AWA Announces Landmark Sustainable Meat Conference

By Animal Welfare Approved | September 14, 2011

George Washington University’s Urban Food Task Force, Animal Welfare Approved (AWA) and the Restaurant Association Metropolitan Washington (RAMW) have joined forces by providing a platform for DC’s vibrant culinary community to focus on strengthening the supply chain for sustainably raised meat.

Stone Hollow Farmstead – Harpersville, AL

By Animal Welfare Approved |
A_Stone Hollow

Stone Hollow Farmstead was founded by Deborah and Russell Stone in 1999 in Harpersville, AL. The Stone family comes from a long line of Alabama gardeners and farmers, who share their history in all facets of the farmstead. Lessons learned from Deborah’s grandparents, who ran a sustainable farm and grocery store, are evident in the jars of rose petal jam, the hillside of happy goats, hives of the honeybees, and the heirloom vegetable gardens.

Missing Jack Ranch – Nipomo, CA

By Animal Welfare Approved | September 7, 2011

When Mike and Janis Tremper bought their undeveloped rural property on the Central Coast of California, four wild burrows lived in the canyon where the ranch sits that no one would claim. While they labored to put up fencing for their horses, one jack (a male burrow) in particular would harass their mares to no end until it was decided that something had to be done. With the help of some neighbors, they corralled the burrows with the intention of taking them into the auction. But there were only three. The troublesome jack was never seen again. While the episode has sparked a lot of theories since then, it also gave them a name—Missing Jack Ranch was born.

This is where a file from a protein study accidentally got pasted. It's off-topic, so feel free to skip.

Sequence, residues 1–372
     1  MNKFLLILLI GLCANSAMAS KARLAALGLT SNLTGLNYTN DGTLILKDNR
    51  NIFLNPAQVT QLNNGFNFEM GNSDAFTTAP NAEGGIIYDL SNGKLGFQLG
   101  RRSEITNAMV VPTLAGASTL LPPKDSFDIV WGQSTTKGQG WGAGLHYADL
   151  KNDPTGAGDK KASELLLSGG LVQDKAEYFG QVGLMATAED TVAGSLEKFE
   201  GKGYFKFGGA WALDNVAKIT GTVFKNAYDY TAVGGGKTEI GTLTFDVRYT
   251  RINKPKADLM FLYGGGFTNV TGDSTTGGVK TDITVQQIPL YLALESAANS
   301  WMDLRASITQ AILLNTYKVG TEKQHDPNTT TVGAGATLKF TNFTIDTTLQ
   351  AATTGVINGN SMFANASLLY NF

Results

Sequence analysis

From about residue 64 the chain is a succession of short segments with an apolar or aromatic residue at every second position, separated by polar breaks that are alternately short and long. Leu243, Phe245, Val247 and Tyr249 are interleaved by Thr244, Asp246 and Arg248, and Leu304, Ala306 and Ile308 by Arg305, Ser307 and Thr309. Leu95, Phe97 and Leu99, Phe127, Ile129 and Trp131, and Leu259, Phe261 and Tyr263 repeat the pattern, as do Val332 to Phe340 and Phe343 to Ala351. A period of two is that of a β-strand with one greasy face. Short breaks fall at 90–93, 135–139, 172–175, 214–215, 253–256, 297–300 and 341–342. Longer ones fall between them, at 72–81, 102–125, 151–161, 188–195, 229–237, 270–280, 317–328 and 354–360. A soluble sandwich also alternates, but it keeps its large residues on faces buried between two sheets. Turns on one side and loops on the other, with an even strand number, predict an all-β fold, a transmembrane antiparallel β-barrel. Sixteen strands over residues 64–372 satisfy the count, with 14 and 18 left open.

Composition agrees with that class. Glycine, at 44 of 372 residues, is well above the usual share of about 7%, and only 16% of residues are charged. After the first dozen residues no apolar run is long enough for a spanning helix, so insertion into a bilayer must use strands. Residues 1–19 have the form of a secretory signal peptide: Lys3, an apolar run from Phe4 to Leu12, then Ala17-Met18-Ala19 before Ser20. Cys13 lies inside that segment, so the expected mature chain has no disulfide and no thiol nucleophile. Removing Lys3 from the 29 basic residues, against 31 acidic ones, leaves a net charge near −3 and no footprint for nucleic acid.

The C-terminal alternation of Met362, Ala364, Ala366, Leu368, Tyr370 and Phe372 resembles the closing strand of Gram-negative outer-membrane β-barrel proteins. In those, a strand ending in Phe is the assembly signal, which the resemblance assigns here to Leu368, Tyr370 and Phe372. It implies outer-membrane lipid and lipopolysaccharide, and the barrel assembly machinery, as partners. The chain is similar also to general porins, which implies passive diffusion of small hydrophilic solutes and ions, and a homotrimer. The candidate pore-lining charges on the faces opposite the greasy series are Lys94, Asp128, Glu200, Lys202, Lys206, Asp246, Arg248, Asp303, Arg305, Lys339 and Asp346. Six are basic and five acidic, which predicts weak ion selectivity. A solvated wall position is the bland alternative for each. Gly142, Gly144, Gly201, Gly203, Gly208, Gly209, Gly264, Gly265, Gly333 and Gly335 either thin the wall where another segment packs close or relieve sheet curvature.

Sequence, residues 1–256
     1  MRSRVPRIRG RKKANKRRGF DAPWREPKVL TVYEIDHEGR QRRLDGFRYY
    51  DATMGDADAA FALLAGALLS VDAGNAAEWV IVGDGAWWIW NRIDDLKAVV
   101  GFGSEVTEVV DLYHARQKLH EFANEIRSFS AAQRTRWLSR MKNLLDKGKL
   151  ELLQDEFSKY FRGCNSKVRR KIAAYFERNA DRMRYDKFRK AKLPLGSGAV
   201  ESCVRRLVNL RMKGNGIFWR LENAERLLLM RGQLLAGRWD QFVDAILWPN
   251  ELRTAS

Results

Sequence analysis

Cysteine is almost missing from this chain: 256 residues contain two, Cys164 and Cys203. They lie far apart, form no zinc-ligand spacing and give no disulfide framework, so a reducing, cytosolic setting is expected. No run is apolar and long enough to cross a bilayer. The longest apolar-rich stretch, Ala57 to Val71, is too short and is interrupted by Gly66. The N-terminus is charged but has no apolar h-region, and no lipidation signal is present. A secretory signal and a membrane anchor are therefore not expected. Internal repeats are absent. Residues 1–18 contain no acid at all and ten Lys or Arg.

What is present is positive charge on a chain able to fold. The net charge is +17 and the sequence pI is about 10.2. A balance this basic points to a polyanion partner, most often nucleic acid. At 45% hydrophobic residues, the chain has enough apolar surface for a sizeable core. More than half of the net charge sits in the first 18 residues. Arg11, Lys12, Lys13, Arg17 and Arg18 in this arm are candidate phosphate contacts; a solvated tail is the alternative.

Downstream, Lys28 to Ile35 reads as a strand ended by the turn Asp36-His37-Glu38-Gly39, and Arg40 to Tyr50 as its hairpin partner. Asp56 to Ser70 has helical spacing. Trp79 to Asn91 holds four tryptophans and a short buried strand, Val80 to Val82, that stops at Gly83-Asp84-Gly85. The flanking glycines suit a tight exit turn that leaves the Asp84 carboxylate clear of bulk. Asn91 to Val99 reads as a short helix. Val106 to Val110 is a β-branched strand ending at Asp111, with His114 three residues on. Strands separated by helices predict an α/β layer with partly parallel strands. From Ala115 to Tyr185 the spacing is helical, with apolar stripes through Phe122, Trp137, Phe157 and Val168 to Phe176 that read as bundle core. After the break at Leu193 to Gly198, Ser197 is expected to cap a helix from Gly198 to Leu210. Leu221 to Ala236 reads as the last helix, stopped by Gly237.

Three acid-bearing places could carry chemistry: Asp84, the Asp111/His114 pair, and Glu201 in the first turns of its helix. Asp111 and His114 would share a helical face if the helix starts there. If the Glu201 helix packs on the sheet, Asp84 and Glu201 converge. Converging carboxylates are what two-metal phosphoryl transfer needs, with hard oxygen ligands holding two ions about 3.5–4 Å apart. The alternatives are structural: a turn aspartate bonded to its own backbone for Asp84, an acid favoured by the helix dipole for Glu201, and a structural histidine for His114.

Indian Creek Angus – Carnesville, GA

By Animal Welfare Approved |

Indian Creek Angus is a collaboration between a lifelong, third-generation cattleman, Dennis Barron, and a former environmental studies professor, Carol Corbin. Bringing together their passions and expertise, Dennis and Carol raise Certified AWA beef cattle with respect and care, along with the fourth generation farming Barron, Denny, who joined the family business in 2010. They believe that cattle should be bred and raised with high-welfare practices, in a natural and low-stress environment.

Serenity Acres Farm – Pinetta, FL

By Animal Welfare Approved |

Julia and Wayne Shewchuk have owned and operated Serenity Acres Farm in Pinetta, in the rolling terrain of north Florida since 2008. One third of the farm’s 60 acres is still in southern hardwood forest and the rest is improved pastures and home to their Animal Welfare Approved laying hens, dairy goats, and Black Angus beef cattle.

The Shewchuk’s produce food without the use of pesticides, hormones and genetically modified components, striving to reduce their footprint on the earth and eliminate their dependence on processed foods and Big Ag. They also endeavor to educate friends and customers to do the same. “Our philosophy is simple,” the Shewchuk’s explain. “Grow and raise it locally and then offer only the freshest and best of what we produce.”